The botanical theme of this yellow-ground runner from Kuba is typical of many rugs from the northern Caucasus, as is the border of sharp rosettes with four leaves on either side. The abundant use of yellow in the field is unusual and probably reflects the local availability of good fast yellow dyes. With their high knot density, rugs from Kuba are considered by many to be the finest of the Caucasian weaves. As is characteristic of rugs from Kuba or the surrounding area, the warps and wefts are of wool, with cotton side cords, and a symmetrically-knotted wool pile.
The term 'Kuba' refers to both the town and the surrounding district, both of which have a long tradition of carpet weaving. The area includes numerous small villages, many of which give their names to their rugs. The large number of designs borrowed and adapted within the area has made the sourcing of carpets to particular villages problematic. The design of this Kuba runner, for example, strongly resembles that of some Shirvan prayer rugs which were formerly ascribed to Daghestan.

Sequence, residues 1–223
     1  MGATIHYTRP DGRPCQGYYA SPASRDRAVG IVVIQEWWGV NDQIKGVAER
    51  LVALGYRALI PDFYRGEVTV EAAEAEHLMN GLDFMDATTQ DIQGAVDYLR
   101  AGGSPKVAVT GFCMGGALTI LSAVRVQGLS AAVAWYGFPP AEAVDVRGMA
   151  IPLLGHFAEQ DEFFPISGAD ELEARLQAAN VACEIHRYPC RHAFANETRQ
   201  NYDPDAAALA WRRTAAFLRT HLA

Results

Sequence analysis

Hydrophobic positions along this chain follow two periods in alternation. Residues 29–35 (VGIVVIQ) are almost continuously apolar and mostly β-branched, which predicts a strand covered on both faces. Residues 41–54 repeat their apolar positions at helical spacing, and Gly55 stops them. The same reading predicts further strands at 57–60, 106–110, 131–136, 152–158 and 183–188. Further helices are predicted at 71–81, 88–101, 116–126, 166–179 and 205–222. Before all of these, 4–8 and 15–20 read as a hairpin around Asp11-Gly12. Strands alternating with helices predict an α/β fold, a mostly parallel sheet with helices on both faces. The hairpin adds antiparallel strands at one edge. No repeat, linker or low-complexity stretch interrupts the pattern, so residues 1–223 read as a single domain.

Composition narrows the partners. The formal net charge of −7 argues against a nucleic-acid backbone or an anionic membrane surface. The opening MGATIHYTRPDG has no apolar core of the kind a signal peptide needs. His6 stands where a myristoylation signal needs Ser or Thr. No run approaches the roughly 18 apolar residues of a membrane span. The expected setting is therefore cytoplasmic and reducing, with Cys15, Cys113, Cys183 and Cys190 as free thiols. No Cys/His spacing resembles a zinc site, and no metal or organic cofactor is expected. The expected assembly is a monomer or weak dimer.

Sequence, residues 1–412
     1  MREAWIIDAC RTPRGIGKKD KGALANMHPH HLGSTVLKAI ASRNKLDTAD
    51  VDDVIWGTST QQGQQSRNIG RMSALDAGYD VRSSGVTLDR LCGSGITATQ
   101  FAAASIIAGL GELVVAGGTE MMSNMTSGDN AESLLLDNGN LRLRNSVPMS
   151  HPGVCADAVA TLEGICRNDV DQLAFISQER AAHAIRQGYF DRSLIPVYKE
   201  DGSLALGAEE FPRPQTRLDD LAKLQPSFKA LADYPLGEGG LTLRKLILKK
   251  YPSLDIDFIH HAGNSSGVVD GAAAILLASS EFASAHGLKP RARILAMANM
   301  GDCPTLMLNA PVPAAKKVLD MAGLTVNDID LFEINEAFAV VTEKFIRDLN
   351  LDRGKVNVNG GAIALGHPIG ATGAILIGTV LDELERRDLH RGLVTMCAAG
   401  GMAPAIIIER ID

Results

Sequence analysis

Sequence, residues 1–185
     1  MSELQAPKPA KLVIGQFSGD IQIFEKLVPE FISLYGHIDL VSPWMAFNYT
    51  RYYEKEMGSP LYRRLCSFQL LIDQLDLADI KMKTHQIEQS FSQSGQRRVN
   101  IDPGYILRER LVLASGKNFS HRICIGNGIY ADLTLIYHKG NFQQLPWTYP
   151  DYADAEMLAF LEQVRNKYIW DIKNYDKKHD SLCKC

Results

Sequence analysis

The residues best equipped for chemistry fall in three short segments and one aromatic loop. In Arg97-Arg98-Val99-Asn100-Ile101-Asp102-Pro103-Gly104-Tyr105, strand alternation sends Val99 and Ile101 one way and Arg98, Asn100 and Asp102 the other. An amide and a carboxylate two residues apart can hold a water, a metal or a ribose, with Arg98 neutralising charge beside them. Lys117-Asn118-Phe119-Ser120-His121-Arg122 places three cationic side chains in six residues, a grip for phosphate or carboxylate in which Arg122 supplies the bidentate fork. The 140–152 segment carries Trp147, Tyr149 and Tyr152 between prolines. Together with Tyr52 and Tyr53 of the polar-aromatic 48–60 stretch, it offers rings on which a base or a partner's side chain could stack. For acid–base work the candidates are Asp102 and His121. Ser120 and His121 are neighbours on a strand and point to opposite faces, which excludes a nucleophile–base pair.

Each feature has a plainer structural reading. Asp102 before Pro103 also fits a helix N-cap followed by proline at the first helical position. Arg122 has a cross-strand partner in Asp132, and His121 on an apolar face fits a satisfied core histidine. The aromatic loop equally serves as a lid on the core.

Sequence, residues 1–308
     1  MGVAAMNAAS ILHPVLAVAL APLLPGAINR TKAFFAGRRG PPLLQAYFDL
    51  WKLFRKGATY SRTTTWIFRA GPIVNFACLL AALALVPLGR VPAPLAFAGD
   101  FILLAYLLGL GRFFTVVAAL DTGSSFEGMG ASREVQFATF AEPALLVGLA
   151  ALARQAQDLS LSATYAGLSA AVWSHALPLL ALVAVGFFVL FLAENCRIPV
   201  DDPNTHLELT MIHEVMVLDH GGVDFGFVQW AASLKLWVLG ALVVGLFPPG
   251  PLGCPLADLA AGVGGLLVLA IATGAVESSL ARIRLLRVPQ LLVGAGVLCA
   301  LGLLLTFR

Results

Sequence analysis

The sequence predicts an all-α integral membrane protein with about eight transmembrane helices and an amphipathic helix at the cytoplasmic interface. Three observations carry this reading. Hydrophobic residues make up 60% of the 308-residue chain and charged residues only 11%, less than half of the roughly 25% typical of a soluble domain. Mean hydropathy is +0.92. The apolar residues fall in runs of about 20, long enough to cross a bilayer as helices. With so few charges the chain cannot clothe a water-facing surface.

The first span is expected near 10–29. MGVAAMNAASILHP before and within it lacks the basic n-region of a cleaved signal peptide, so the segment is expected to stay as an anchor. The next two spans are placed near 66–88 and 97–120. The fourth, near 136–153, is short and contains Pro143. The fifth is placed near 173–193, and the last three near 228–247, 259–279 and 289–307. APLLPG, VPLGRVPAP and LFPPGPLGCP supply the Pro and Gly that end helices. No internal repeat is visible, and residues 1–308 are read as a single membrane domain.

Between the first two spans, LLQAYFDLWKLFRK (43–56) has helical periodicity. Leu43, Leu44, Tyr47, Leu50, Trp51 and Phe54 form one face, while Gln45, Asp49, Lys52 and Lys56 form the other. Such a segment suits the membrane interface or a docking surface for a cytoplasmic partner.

The runner belongs to a collection of five rugs and three nomadic trappings selected by the donor as representative of the main carpet making regions of Asia, from Turkey in the west, across Iran (Persia) and into Central Asia. The collection includes floor coverings and tent partitions, horse decorations and saddle bags, thus documenting different types of rugs and trappings as well as highlighting their varying functions.
Christina Sumner, Principal Curator Design & Society